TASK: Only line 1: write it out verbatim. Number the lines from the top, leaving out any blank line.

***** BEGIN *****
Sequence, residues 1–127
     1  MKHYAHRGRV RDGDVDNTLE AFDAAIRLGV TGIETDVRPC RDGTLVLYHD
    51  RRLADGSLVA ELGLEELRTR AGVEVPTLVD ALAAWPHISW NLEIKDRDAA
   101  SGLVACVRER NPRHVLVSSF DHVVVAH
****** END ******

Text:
Sequence, residues 1–127